Anatomy of the Census Page
Not every piece of information is obvious to the casual observer, so to make sure that you extract every useful piece of information from the census page read on:
The front of each census enumeration book contains a standard section explaining how to complete the records. More useful is the page describing the streets and places recorded in that book, as they often provide clues to the route the enumerator took, often helping you locate a property. Large streets may fill several books which may not be continuous, and the routes often detour up side streets and alleys. The books also contain a chart which the enumerator filled in with the figures he totalled at the bottom of each enumeration page. These statistics are the ones which could be easily collated for early release to government.
Every page holds the details of up to 25 individuals divided over a number of full or partial households. Entries do not always include full addresses, so knowing a specific address for your ancestors doesn't always help. The page header contains information about the general location and includes area information on the district, ward or township, the enumerator filled out whatever information was appropriate. An odd page may be missing or torn, but generally we have very complete records for most places.
How the page is numbered
Always record the full reference to an entry, even if you make copies for your files, so that it can be found again by anyone consulting your research.
The full reference consists of four sections, a Class number, Piece number, Folio number and page number.
A typical reference will look like this and will enable you to identify a single side of one page in an enumeration book:-
RG13 / 51 / 122 / 21
RG13: Class number The National Archives class reference number, here indicating the year 1901. It appears with the Piece number on a label on every image.
51: Piece number The enumeration books are bound into volumes containing up to 200 sheets for archiving. The bound volume is referred to as a Census Piece and given a unique number. Each book page holds details of up to 25 individuals and a single enumeration book contains 20- 40 sheets.
122: Folio number As each book making up a Piece has identical pre-printed page numbers and there can be many books bound in a complete Piece, page numbers reoccur. To uniquely identify every sheet making up a Piece, it is stamped with another number in the top right hand corner, next to the page number.
21: Page number As the Piece and folio numbers are unique, it is not really necessary to record the page number. The combination of the Piece and Folio numbers provide reference to a single sheet containing no more than 50 people, so the page number only narrows it down to one side of that sheet, or 25 people.
The census information
It may appear obvious and some columns are self explanatory, but others warrant a little explanation. Here we look at the last available census the 1901 which has a little more detail than previous forms, but the principal categories of information are the same.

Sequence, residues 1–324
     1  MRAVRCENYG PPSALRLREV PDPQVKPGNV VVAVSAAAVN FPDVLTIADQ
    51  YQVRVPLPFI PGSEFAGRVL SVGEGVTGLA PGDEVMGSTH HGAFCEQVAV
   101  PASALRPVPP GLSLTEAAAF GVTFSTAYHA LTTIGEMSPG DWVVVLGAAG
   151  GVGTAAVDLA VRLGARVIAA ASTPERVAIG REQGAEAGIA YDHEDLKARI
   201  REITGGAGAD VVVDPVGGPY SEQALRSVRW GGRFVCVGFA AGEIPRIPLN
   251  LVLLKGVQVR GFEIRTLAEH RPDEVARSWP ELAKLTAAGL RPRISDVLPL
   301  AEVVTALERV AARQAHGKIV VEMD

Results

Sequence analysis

The Header holds information identifying the area being enumerated using general terms, such as district, village or parish. The section at the start of each book usually has a better description of the the actual coverage of the streets is.
Column 1 Schedule number: Not an address as such, but is used by the enumerator to refer to the census form delivered to the household. It isn't useful as the number will be different from one census year to another for the same house.
Column 2 Address: A full street address may not appear except in large towns and cities. More often you will see just a road name, or even less, just the village name. Farms and some houses may be identified by name.
Columns 3-7 House: This group of columns is used to indicate if a house is occupied, empty or uninhabited. Column 6 indicates a place such as a barn or shed not used permanently for housing but where workers may be living temporarily. The last column is used to note the number of rooms where families are living in less than 5 rooms.
Column 8 Name and Surname: This is self explanatory.
Column 9 Relationship: How the occupants are related to the Head of Family allow you to see the structure of the household and identify someone with a different surname as part of the family.
Column 10 Condition: Knowing whether they are Married, Single or Widowed also provides information about family structure, showing whether a couple are married, or a widower living with his sister.
Columns 11-12 Age: Self explanatory except for the 1841 census, where ages of adults were supposed to be rounded to the nearest 5 years.
Column 13 Occupation: Again this is self explanatory, although you sometimes get an occupation crossed out and another inserted in another hand. These are the "approved" job categories used by the clerks creating the statistics.
Columns 14-15 Employment: Indicating whether a worker, employer of others, self employed or working from home.
Column 16 Where born: Usually indicates the the place and county or the country where born, but often contains mistakes.
Column 17 Disabilities: Not politically correct by today's standards and getting broader in definition as you work down the list.
Clerks' tally marks: Used when the clerks are totalling and transferring the statistics. They may be just neat ticks, but often it is heavy crossing out using thick crayon which can obscure information, particularly ages.
Double strokes // are used to indicate the end of the list of people living in a dwelling, single / ones are used to divide different households sharing a dwelling.
The enumerator adds up some very basic statistics at the foot of each page and transfers these to a table in the enumeration book.
Follow the other census links to find out more: